These days, my wife is in cooking school and I am hardly the one cooking around here. However, let me try to break that trend with a new post! Unfortunately, despite the name of my blog, there's not much real "cooking" going on here, but the result is delicious just the same.
I bought some really beautiful fish from Monterey Fish Market at Pier 33 in San Francisco. Their location at Pier 33 is a wholesale operation, but they do have a retail store in Berkeley. They have some of the best seafood I've ever seen or tasted. If you're in the Bay Area, you should really check it out sometime. We bought about 1 pound each of maguro (tuna), sake (salmon), hirame (halibut), hamachi (yellowtail), and hotate (scallop).
The most complicated thing about this was the sushi rice. Contrary to popular belief, sushi has nothing to do with raw fish. It refers to the sushi rice (su meshi in Japanese means "tart rice"). Once the rice is finished (use less water than you normally would use for steamed rice), you are to mix vinegar mixture into the rice while fanning it. I made the full recipe of the vinegar mixture, but ended up only using half. Looking back, I think it could have used more vinegar.
Cutting the fish is a different story. There is a reason why sushi chefs train train for years and why their knifes have to be so specialized. It took me a long time and knife experimentation to skin the fish and cut appetizing peices of sashimi. I am not going to try to explain how to cut the fish here because I am not an expert and I don't want to give the wrong information. Suffice to say, you usually want to cut at an angle across the grain. I ended up messing up a few peices of tuna which became inedible.
At first I tried a sashimi knife given to me by my friends several years back, but the blade was not sharp enough and it wasn't slicing as cleanly as I would have liked. I then used my wife's Global chef's knife, but while that was definitely sharp and thin, the blade was too wide and the flesh dragged on it while I cut. I ended up using a thin boning knife. While it was both sharp and thin, the placement of the blade relative to the handle made it difficult to work with on the cutting board.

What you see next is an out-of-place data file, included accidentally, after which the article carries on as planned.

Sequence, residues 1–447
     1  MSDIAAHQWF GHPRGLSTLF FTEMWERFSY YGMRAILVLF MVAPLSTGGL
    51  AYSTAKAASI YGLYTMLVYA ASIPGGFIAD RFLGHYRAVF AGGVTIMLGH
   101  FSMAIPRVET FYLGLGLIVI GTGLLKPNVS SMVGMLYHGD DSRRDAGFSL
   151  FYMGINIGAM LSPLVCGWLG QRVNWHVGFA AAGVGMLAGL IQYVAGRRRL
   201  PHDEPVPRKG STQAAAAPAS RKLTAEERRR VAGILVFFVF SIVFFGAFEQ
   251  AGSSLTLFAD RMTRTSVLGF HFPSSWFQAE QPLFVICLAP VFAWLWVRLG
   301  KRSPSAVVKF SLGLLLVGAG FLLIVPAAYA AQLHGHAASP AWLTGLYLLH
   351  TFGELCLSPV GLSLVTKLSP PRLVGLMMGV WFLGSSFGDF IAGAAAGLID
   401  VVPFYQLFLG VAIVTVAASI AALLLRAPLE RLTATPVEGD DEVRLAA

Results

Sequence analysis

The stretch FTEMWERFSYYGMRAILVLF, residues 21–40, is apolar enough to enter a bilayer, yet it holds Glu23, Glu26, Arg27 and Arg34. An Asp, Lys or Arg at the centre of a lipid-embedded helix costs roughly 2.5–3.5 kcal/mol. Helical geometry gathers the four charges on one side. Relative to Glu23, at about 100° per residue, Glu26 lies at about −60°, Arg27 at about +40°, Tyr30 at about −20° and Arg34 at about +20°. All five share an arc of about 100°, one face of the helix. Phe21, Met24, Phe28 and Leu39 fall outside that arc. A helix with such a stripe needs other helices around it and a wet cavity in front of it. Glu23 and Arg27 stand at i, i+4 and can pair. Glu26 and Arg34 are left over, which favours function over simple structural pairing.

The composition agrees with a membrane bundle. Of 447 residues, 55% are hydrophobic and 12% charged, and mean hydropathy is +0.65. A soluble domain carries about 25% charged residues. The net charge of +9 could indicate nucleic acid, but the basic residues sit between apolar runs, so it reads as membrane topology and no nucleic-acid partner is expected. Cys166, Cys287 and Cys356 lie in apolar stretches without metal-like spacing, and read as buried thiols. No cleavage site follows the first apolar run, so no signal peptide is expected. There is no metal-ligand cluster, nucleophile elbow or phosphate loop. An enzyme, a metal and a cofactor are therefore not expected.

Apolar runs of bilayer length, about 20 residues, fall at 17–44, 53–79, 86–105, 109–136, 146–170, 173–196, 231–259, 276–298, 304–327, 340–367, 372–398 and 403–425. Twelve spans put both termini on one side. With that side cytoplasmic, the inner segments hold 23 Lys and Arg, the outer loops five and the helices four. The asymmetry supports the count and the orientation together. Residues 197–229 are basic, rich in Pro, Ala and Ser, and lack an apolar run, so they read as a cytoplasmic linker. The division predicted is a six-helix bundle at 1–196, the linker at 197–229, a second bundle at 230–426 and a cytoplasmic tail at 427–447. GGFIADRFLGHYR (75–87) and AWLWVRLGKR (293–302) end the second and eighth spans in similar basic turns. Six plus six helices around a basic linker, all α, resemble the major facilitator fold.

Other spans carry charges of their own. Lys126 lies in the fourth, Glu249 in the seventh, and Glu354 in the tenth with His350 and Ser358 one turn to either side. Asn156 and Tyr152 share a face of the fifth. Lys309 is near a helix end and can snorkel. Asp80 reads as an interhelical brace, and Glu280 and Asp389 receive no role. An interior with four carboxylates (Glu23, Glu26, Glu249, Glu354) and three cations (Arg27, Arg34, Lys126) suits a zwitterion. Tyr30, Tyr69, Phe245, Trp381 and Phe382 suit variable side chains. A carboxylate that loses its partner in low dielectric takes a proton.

To make things easy, we did everything chirashi style. Rolls or nigiri would have taken up even more time, and we wanted to eat as soon as possible! All-in-all, I was most impressed by the scallops and hamachi. I've done sushi at home before, but the quality was never like this! Next time, I want to try ama-ebi (spot shrimp) and uni (sea urchin gonads). (Yes, I wrote gonads.)
2/3 cup rice vinegar
2 tbsp sugar
1 teaspoon salt
1 sq in kombu (optional)
4 cups warm, steamed white rice
1. Combine the vinegar, sugar, salt, and kombu in a small pot.
2. Place over medium-high heat, stirring until sugar and salt are dissolved.
3. Transfer the warm rice to a wide nonreactive bowl. Toss the rice with a rice paddle as you fan it.
4. When clouds of steam are no longer rising from the rice, but the rice is still warm, drizzle in some of the vinegar mixture.
5. Keep tossing and folding the rice mixture and drizzling the vinegar mixture to taste.